There has been much exaggerated talk about the rise of Chinese military expenditure. The first graph below gives an historical perspective. In 2012, Chinese military expenditure was less than a quarter of US military expenditure. As a proportion of GDP, China’s military expenditure was 2.0% compared with 4.4% for the US. The striking fact remains the US’s huge military expenditure. The second graph below gives the per capita military expenditure of a range of countries. As is clear, in per capita terms, China’s military expenditure remains still extremely low.
Click to expand:
The above figures are taken from the Stockholm International Peace Research Institute’s Military Expenditure Database. For more information, refer to Xiao Tiefeng’s article at the Carnegie-Tsinghua Center for Global Policy, Misconceptions About China’s Growth in Military Spending.
Following a sold-out run at the Almeida Theatre, the critically-acclaimed play Chimerica has now transferred to the Harold Pinter Theatre in London’s West End. In the programme, playwright Lucy Kirkwood notes that,
The sources the play draws on are too vast to list here, but special mention must be made of[...] When China Rules the World by Martin Jacques, [a work] I found myself returning to again and again over the years.
Read the full extract below:
This is a special 45 minute CCTV television programme broadcast on April 8th of the debate earlier that day at the Boao Forum in Hainan on China’s Reform Agenda. It features Justin Lin, until recently chief economist of the World Bank, Fan Gang, president of China’s National Economic Research Institute, Charlene Barshefsky, former US Trade Representative, and Martin Jacques.
by Martin Jacques
March 2013 – Transatlantic Academy
China has the world’s second largest economy. As it overtakes the United States in the relatively near future, and becomes the world’s largest economy, China will exercise a growing global influence. Meanwhile, the West — the home of Western liberal democracy — is in relative economic decline. By 2030, it will, by one estimate, account for only 28 percent of global GDP, compared with 33 percent for China and 67 percent for the developing world. In such circumstances, the West’s political influence is bound to decline. China is not a product of Western democracy and shows very little sign of moving in that direction.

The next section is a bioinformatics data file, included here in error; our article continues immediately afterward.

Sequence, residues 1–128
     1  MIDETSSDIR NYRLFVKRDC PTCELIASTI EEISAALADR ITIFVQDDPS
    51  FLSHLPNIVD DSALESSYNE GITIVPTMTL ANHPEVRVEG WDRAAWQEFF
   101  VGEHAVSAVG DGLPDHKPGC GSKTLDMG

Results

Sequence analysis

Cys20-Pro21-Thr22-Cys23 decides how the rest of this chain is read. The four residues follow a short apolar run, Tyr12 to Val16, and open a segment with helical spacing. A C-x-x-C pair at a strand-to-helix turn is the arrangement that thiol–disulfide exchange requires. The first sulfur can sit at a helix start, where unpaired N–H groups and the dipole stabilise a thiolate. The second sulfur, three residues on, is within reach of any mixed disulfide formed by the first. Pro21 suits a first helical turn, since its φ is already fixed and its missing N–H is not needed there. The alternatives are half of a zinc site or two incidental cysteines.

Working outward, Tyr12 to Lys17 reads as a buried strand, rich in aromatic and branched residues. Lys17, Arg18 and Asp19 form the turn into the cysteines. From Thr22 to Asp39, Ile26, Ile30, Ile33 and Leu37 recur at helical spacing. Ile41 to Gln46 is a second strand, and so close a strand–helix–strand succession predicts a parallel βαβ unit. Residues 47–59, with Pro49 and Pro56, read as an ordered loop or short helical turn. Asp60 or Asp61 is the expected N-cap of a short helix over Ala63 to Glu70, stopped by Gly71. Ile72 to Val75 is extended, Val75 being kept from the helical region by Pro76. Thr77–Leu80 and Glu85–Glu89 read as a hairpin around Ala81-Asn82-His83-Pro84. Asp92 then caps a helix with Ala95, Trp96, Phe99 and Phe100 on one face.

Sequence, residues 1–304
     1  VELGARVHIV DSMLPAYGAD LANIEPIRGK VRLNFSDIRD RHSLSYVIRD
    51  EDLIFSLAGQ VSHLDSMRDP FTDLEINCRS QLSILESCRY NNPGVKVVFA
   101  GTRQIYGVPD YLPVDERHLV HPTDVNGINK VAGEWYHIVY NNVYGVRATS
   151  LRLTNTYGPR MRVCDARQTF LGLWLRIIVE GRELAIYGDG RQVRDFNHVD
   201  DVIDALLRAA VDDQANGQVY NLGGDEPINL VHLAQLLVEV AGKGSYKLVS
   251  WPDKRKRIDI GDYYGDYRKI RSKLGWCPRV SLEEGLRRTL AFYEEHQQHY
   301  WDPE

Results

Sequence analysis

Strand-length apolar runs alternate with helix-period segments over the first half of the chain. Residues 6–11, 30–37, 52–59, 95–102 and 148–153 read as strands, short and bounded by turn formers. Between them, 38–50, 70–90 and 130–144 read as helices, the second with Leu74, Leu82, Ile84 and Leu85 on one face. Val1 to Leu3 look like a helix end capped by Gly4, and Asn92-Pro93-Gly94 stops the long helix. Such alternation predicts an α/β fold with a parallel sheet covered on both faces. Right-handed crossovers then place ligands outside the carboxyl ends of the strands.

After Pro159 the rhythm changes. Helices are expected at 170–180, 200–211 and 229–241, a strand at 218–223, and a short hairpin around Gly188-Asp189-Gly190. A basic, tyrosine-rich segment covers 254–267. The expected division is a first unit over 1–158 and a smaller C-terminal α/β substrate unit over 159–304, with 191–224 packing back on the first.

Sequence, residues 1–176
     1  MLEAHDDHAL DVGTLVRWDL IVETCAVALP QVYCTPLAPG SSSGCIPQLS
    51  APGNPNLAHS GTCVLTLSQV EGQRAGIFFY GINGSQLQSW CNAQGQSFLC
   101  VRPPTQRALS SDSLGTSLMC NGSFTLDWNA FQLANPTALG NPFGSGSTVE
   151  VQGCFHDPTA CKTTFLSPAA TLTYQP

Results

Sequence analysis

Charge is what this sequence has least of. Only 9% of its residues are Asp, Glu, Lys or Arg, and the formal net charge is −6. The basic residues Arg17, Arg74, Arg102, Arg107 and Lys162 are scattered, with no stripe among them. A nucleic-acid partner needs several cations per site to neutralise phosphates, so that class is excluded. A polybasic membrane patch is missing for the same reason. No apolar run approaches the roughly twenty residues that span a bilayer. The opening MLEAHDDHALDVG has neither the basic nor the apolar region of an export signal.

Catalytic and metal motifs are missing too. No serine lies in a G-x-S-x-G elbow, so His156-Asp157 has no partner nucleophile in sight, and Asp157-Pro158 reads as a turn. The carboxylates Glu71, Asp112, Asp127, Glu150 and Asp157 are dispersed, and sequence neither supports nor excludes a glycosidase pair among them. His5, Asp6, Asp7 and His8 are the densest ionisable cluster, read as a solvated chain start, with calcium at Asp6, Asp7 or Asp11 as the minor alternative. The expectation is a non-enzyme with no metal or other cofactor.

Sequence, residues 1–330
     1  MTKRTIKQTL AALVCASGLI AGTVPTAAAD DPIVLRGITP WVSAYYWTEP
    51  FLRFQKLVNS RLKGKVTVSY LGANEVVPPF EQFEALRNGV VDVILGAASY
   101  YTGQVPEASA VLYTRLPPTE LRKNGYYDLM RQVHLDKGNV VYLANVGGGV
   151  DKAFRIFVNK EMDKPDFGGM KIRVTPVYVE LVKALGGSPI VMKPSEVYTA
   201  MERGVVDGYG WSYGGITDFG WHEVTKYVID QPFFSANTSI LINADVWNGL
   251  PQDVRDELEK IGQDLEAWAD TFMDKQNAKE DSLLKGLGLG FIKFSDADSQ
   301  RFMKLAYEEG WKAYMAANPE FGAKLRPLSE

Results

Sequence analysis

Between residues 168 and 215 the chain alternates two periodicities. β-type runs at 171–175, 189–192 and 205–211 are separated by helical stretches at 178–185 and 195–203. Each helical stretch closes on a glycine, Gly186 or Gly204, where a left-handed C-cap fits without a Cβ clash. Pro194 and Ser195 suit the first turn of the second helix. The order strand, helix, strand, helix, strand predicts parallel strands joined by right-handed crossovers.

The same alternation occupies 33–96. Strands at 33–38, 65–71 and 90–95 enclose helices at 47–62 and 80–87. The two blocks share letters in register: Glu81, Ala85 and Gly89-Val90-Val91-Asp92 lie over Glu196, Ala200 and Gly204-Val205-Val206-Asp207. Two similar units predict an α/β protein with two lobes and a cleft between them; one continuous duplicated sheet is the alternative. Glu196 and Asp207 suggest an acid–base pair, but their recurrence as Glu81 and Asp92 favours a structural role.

Recent Western commentary on the Chinese economy has been decidedly negative, emphasising the problems and downbeat about the prospects. This, of course, is hardly new: indeed it is absolutely par for the course. In fact, as the figures below show, the Chinese economy has done extraordinarily well in the five years since 2008 and the Western financial crisis. The contrast with the performance of Western economies over the same period is sobering to say the least.
Martin Jacques presents a highly successful series of programmes on how best to understand the unique characteristics and apparent mysteries of contemporary China, its development and its possible future. In this new series, he sets out the building blocks for making sense of China today.
2.00-4.30pm: EIAS, Rue de la Loi 67, B-1040 Brussels
Dinner Debate: "How China will change nearly everything"
7.30pm: Private event
7.30pm: Jubilee Room, House of Commons
Sponsored by the PRC State Council Information Office and organised by the Shanghai Academy of Social Sciences, the Chinese Academy of Social Sciences and the China International Publishing Group
2:10pm: Conference Room 104, Centre for American Studies, Fudan University
24/04/13 — Beveridge Hall, Senate House, London University
09/11/12 - Trouw